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Comment: Re:freedom 2 b a moron (Score 1) 1048

Let's let the parents who choose not to vaccinate their children send their kids to a public school ... just not the same public school as the vaccinated kids. [I'm guessing someone will bring up "separate but equal" -- but the division here is not along racial lines but along an axes that the parents can control and easily modify.] The teachers can be paid a bit more (and be vaccinated) to compensate them for their increased risk. If a student displays symptoms of an illness for which they and others are not vaccinated, they get to stay home in unofficial or official quarantine until a doctor and/or the school nurse clears them to return. Of course, given the waves of sickness that are probably going to sweep those schools, it may take the whole year (no summer vacation) or even multiple calendar years for a student to advance a grade. But when the 8th or 9th graders turn 18, they can make their own decision as to whether to stay in the non-vaccinated school or be vaccinated and take summer school to finish only a little behind their peers.

Comment: Low-tech solutions or limited access (Score 2) 207

by Hotawa Hawk-eye (#48576549) Attached to: In Iowa, a Phone App Could Serve As Driver's License

Offer drivers low-cost or free phone cases with space to hold their driver's license on the back. Driver pulls their phone out of their pocket (it's likely more accessible than their wallet) and shows/hands the back of the phone to the officer.

Offer drivers a holder that attaches via suction cups or similar mechanism to their dashboard. Find some way (driver's license doubles as an EZPass? Cops have a scanner that lets them bring up the driver's information more quickly when they stop a motorist, rather than having to take it back to their vehicle?) to encourage drivers to put their licenses in that holder while they're driving.

The privacy and security considerations are strong arguments against turning the driver's license into an app or something similar. But if they really want a high-tech solution, working with phone manufacturers to create a lock screen app (open source, to reduce the chances of a back door) that allows a police officer to enter a code (which gets logged on the phone manufacturer's servers and should be able to be associated with the individual officer) into the lock screen to display JUST the license info, not actually unlock the phone. This would also be useful if a phone is lost, stolen, or used as part of a crime; it would allow the police to identify the owner.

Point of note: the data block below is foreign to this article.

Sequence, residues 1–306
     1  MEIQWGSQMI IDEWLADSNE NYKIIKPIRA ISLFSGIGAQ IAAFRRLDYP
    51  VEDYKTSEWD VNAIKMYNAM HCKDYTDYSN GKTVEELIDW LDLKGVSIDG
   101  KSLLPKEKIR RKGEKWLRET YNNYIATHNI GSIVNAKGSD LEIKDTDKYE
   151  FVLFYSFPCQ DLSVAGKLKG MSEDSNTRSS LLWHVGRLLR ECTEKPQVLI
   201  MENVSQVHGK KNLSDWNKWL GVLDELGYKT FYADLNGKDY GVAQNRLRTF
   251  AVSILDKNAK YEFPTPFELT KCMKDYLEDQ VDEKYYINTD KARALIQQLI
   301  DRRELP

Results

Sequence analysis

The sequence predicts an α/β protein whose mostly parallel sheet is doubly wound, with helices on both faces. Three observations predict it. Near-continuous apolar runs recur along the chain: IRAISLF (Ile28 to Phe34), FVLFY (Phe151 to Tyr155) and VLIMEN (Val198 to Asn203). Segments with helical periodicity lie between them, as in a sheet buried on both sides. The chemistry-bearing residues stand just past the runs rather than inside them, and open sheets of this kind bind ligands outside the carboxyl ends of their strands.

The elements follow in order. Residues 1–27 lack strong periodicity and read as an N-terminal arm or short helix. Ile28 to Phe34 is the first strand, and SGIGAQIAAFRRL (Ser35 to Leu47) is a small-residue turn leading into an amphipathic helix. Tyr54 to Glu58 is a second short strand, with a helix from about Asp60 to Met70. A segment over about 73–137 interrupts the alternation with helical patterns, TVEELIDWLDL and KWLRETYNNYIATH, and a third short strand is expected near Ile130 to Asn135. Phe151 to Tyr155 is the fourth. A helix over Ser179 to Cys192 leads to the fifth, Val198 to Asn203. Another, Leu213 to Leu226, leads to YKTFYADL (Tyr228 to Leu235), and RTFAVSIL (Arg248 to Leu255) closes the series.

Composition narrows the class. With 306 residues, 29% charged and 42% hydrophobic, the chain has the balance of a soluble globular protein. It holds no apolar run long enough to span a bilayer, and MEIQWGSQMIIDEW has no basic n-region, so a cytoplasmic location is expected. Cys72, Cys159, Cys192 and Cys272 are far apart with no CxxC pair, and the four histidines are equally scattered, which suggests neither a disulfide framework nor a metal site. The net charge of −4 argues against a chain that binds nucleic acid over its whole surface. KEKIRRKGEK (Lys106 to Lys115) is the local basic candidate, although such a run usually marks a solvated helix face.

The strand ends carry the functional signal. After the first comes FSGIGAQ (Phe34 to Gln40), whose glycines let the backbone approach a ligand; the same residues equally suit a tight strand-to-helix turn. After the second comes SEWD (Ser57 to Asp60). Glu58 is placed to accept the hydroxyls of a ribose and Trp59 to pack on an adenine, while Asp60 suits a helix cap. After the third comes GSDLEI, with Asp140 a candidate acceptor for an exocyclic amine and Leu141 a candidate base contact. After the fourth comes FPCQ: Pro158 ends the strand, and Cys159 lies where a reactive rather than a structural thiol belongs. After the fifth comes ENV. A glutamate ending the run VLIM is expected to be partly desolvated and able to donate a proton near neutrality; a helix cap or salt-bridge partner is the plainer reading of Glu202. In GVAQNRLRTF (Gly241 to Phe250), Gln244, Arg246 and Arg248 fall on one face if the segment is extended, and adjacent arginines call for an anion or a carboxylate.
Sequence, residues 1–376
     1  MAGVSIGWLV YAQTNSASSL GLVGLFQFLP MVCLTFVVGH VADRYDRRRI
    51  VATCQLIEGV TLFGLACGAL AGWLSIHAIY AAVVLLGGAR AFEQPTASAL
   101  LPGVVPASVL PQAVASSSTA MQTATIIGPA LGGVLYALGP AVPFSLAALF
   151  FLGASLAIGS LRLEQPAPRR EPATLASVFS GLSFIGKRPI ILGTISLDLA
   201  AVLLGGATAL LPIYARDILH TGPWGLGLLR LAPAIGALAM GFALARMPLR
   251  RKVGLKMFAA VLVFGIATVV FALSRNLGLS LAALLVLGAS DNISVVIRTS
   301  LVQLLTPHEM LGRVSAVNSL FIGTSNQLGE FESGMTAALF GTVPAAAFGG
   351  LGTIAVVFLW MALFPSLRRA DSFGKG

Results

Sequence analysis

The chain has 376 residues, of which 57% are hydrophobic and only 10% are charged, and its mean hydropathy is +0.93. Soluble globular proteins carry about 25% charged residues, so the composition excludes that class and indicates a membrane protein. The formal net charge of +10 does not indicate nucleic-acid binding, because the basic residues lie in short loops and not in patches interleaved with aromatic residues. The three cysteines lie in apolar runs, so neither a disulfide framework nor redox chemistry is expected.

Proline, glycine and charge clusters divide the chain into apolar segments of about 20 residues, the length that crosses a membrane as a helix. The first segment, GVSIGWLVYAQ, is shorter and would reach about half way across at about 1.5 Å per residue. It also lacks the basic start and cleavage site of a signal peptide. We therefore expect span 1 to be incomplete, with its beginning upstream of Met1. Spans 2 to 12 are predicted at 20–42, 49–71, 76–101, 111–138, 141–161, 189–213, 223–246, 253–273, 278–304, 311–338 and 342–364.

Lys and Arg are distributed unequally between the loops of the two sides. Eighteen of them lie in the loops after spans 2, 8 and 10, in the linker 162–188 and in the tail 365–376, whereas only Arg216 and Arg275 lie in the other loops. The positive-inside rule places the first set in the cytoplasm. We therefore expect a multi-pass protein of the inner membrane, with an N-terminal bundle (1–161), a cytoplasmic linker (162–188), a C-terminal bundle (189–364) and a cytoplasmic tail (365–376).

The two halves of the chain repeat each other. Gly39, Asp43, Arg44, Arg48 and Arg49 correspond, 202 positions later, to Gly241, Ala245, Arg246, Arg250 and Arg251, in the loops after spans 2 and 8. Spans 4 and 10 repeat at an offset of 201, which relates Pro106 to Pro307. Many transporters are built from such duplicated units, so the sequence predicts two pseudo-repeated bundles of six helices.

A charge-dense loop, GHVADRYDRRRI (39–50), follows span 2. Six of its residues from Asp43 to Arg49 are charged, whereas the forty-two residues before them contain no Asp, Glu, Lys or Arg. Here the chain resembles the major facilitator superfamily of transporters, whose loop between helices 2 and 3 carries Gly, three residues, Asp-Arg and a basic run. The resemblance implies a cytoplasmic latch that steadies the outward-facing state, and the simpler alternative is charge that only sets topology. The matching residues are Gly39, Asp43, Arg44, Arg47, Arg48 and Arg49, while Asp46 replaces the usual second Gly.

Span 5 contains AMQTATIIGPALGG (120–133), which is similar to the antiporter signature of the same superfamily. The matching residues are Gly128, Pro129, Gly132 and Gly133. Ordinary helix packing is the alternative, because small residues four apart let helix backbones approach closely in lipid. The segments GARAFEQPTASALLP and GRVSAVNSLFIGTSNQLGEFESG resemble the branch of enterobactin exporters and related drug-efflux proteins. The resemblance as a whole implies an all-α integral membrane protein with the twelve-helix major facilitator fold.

Comment: Re:It's just wrong (Score 2) 335

Theoretically yes, you may be able to determine if a particular program will halt by testing and inspecting.

Practically, you may not be able to determine if a program will halt. See the Collatz conjecture. Assume a program that accepts as input a positive integer n and returns the number of steps before the first time the Collatz iteration reaches 1. Does that program halt for all possible legal input values?

As another point, regardless of whether or not a program or robot can _choose_ to kill a human, Asimov's robot stories indicate that not even the First Law of Robotics excludes the possibility of robots killing humans. Does the robot _know_ that to take a particular action will kill a human? A robot chef could use shrimp in the preparation of a dish not knowing the diner who will eat it is deathly allergic. What is the definition of "human"? The debate about abortion shows human beings can't answer that one. And then there's the Zeroth Law of Robotics, a limited version of which these researchers seem to be trying to test. That one is particularly tricky as neither humans nor robots can predict the future (no one has developed psychohistory yet.)

Comment: Re:its terrible (Score 1) 257

If the original reviewer is still at the Post, inviting them to write the new review would make it an apples-to-apples comparison. If the original reviewer is not still at the Post, inviting the person who has responsibility for writing "culture" or "entertainment" reviews now would at least make the comparison apples-to-crabapples (same genus, different species.)

Comment: Re:its terrible (Score 4, Insightful) 257